¶ 50 As to the second prong of the plain error doctrine, defendant has not sufficiently argued under the second prong for any of his alleged errors. When a defendant fails to make a plain error argument, that defendant “ ‘obviously cannot meet his burden of persuasion’ “ that the plain error doctrine has been satisfied, and therefore procedural default is honored. People v. Leach, 2012 IL 111534, ¶ 61, 366 Ill.Dec. 477, 980 N.E.2d 570 (quoting People v. Hillier, 237 Ill.2d 539, 545–46, 342 Ill.Dec. 1, 931 N.E.2d 1184 (2010)). Here, defendant only argued that “authority clearly shows that the Illinois Supreme Court has in no respect abandoned the second prong of plain error analysis for instances of evidentiary error or prosecutorial misconduct in closing argument.” However, the cases on which defendant relies do not support his argument. See People v. Rivera, 2013 IL 112467, 369 Ill.Dec. 321, 986 N.E.2d 634; People v. Adams, 2012 IL 111168, 356 Ill.Dec. 725, 962 N.E.2d 410; People v. White, 2011 IL 109689, 353 Ill.Dec. 517, 956 N.E.2d 379. In Rivera, the supreme court considered only whether a clear and obvious error had occurred with regard to whether certain statements made by the defendant were properly admitted into evidence and ultimately concluded that no clear and obvious error occurred. Rivera, 2013 IL 112467, ¶ 17, 369 Ill.Dec. 321, 986 N.E.2d 634. The court discussed the second prong of the plain error doctrine only in passing when discussing the procedural history. Id. ¶ 12. In Adams, the supreme court considered whether the prosecutor's comments in closing in rebuttal argument amounted to plain error. Adams, 2012 IL 111168, ¶ 21, 356 Ill.Dec. 725, 962 N.E.2d 410. The court found that the statements did not amount to plain error but, with respect to the second prong, said only that to meet the second prong, the error must “be ‘so serious that it affected the fairness of the defendant's trial and challenged the integrity of the judicial process.’ [Citation.] The error here does not rise to that level.” Id. ¶ 24 (quoting People v. Herron, 215 Ill.2d 167, 187, 294 Ill.Dec. 55, 830 N.E.2d 467 (2005)). Finally, in White, the supreme court only considered the first prong of the plain error doctrine. White, 2011 IL 109689, ¶ 131, 353 Ill.Dec. 517, 956 N.E.2d 379. Defendant has made no additional argument, reasoning, or citation as to why any of the alleged errors he challenges under the plain error doctrine would succeed under the second prong. See Ill. S.Ct. R. 341(h)(7) (eff. July 1, 2008) (the argument section of appellant's brief “shall contain the contentions of the appellant and the reasons therefor, with citation of the authorities and pages of the record relied on”).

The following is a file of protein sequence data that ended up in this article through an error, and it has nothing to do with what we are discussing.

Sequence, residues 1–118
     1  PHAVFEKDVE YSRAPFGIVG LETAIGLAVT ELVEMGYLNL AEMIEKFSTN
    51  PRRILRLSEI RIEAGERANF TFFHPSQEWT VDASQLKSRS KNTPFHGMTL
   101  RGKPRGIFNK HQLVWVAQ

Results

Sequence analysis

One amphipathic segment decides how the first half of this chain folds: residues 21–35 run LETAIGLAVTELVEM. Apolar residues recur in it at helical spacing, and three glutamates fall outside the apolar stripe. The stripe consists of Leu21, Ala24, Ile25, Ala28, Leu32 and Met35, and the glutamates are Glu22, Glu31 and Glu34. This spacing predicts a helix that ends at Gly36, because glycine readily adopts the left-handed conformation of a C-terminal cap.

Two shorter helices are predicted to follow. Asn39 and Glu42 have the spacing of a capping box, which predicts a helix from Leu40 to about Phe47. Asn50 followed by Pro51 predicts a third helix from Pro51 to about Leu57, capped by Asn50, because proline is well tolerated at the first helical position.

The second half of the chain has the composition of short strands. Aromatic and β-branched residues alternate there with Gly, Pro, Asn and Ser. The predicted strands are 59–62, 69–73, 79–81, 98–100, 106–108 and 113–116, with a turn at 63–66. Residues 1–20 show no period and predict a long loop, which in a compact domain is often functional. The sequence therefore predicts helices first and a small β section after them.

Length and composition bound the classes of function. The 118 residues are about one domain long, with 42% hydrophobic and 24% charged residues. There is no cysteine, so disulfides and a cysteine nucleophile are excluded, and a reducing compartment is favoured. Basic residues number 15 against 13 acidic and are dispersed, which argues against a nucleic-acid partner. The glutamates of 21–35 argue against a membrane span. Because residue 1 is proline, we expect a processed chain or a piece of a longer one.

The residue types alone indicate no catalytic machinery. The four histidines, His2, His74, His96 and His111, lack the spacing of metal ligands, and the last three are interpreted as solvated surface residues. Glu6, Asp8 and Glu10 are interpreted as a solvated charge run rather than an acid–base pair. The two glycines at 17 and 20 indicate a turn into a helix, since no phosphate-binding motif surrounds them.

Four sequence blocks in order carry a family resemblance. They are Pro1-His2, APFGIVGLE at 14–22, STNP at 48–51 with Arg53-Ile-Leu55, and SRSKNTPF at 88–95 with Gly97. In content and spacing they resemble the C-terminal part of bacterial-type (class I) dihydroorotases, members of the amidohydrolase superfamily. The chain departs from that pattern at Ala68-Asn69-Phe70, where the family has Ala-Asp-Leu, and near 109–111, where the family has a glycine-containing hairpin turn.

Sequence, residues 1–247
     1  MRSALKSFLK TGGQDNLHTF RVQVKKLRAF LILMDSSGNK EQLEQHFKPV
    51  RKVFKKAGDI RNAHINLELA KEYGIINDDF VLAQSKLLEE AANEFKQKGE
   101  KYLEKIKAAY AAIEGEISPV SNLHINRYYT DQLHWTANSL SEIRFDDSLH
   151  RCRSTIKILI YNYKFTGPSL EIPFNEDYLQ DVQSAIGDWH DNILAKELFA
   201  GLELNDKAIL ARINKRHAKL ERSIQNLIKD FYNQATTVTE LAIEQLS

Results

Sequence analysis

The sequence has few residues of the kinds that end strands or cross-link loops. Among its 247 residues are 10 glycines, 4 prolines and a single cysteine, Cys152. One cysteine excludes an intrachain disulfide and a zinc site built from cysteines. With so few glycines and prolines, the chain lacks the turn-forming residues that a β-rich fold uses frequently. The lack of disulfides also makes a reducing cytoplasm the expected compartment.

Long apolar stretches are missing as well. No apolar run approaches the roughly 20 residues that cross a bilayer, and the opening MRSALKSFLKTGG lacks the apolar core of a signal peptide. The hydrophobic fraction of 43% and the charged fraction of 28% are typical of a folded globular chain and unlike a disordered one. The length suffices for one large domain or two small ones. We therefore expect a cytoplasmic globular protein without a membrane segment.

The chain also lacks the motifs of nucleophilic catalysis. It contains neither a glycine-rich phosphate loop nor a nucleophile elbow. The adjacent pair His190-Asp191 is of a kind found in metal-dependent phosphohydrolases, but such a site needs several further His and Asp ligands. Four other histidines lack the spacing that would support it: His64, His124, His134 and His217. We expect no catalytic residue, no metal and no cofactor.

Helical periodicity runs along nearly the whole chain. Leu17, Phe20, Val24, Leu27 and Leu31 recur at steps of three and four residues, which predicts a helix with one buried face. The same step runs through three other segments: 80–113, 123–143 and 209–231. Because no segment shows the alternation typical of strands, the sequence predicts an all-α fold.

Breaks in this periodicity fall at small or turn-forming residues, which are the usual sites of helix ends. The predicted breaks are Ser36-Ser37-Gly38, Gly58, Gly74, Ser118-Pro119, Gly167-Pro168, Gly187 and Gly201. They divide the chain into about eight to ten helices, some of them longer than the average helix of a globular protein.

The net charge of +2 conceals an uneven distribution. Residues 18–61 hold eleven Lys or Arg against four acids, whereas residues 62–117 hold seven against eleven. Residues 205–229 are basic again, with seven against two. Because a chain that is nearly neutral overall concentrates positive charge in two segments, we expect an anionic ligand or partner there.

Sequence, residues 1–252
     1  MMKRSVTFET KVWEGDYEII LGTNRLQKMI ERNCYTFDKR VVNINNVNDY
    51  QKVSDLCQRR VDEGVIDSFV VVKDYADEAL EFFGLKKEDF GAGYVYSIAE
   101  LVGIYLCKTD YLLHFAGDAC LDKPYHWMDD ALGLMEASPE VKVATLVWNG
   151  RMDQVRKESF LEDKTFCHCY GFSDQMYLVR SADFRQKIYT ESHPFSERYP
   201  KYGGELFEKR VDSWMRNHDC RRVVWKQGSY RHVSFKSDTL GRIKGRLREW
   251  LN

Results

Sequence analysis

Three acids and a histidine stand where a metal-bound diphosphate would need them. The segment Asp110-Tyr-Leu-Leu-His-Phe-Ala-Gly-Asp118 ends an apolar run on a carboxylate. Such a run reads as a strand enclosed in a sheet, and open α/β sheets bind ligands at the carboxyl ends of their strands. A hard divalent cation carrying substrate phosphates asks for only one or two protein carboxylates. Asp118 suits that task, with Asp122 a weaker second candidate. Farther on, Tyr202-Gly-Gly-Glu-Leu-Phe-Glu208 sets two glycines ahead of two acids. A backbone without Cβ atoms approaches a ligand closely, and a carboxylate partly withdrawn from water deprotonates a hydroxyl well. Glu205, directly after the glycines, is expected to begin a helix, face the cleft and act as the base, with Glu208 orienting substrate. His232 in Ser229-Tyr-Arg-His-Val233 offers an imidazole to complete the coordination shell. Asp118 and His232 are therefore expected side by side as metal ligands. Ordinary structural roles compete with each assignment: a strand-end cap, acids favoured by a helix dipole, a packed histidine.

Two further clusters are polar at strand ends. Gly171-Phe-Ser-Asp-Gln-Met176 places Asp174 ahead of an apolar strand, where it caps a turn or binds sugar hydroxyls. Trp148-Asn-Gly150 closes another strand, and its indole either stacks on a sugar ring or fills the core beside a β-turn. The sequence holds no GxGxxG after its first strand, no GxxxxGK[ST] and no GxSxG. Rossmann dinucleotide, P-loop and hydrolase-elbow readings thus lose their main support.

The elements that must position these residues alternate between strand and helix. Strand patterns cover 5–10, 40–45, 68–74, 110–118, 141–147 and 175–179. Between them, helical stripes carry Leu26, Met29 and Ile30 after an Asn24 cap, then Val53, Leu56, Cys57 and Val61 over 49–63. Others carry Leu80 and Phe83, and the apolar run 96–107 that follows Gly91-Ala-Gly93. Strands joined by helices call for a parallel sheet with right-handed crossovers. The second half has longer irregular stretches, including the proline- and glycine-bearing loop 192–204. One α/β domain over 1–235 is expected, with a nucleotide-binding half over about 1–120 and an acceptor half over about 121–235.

¶ 51 Moreover, our supreme court has equated the second prong of plain error review with structural error. People v. Thompson, 238 Ill.2d 598, 613–14, 345 Ill.Dec. 560, 939 N.E.2d 403 (citing People v. Glasper, 234 Ill.2d 173, 197–98, 334 Ill.Dec. 575, 917 N.E.2d 401 (2009)). Structural error is a “systematic error which serves to ‘erode the integrity of the judicial process and undermine the fairness of the defendant's trial.’ “ Glasper, 234 Ill.2d at 197–98, 334 Ill.Dec. 575, 917 N.E.2d 401 (quoting People v. Herron, 215 Ill.2d 167, 186, 294 Ill.Dec. 55, 830 N.E.2d 467 (2005)). Our supreme court also recognized that the United States Supreme Court has recognized an error as structural in a very limited class of cases, including: a complete denial of counsel, trial before a biased judge, racial discrimination in the selection of a grand jury, denial of self-representation at trial, denial of a public trial, and a defective reasonable doubt instruction. Thompson, 238 Ill.2d at 609, 345 Ill.Dec. 560, 939 N.E.2d 403 (citing Washington v. Recuenco, 548 U.S. 212, 218 n. 2, 126 S.Ct. 2546, 165 L.Ed.2d 466 (2006)). We conclude that the errors defendant has complained of here, admission of prior consistent statements, hearsay testimony from police officers going beyond the scope of explaining police procedure, and prosecutorial misconduct in closing and rebuttal arguments, do not fall under the umbrella of structural error, and decline to comment further on the second prong.

¶ 52 In the alternative, defendant argues his counsel was ineffective for failing to properly preserve the error with a contemporaneous objection and raising the issue in a posttrial motion, and for failing to request a limiting jury instruction.